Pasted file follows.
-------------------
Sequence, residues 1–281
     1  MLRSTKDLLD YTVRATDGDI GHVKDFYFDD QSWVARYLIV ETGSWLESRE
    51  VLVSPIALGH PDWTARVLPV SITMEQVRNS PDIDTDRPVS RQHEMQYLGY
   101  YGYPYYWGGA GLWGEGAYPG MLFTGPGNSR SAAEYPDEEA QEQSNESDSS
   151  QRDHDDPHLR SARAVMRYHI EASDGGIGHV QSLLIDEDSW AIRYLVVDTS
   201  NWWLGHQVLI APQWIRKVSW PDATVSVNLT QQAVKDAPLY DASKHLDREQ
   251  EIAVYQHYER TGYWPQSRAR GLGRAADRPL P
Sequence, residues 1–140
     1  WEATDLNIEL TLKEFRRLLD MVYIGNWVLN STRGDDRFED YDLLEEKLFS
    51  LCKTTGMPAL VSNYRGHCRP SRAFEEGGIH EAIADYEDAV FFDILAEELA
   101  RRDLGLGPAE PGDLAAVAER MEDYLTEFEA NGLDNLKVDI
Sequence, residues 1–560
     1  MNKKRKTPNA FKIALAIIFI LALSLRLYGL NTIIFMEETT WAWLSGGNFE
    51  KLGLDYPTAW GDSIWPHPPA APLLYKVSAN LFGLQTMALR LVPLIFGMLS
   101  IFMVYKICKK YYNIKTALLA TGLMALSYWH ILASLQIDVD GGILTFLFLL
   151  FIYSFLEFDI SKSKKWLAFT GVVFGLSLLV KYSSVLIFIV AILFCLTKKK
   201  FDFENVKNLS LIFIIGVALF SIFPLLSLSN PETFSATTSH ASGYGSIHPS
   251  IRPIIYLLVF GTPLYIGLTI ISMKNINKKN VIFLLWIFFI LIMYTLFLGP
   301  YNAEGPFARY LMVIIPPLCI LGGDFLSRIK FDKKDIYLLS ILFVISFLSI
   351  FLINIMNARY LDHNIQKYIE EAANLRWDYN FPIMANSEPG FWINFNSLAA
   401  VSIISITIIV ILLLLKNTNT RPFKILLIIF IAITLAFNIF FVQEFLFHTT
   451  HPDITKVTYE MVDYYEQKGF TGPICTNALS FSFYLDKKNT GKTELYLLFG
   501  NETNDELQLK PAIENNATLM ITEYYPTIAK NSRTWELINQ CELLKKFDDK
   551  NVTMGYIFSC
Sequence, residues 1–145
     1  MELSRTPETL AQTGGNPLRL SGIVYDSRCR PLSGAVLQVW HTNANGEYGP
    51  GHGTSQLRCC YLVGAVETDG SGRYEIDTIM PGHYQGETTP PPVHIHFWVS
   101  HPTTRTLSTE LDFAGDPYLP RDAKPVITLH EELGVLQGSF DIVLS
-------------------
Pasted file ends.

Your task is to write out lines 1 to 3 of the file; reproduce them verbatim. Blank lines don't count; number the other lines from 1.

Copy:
Sequence, residues 1–281
     1  MLRSTKDLLD YTVRATDGDI GHVKDFYFDD QSWVARYLIV ETGSWLESRE
    51  VLVSPIALGH PDWTARVLPV SITMEQVRNS PDIDTDRPVS RQHEMQYLGY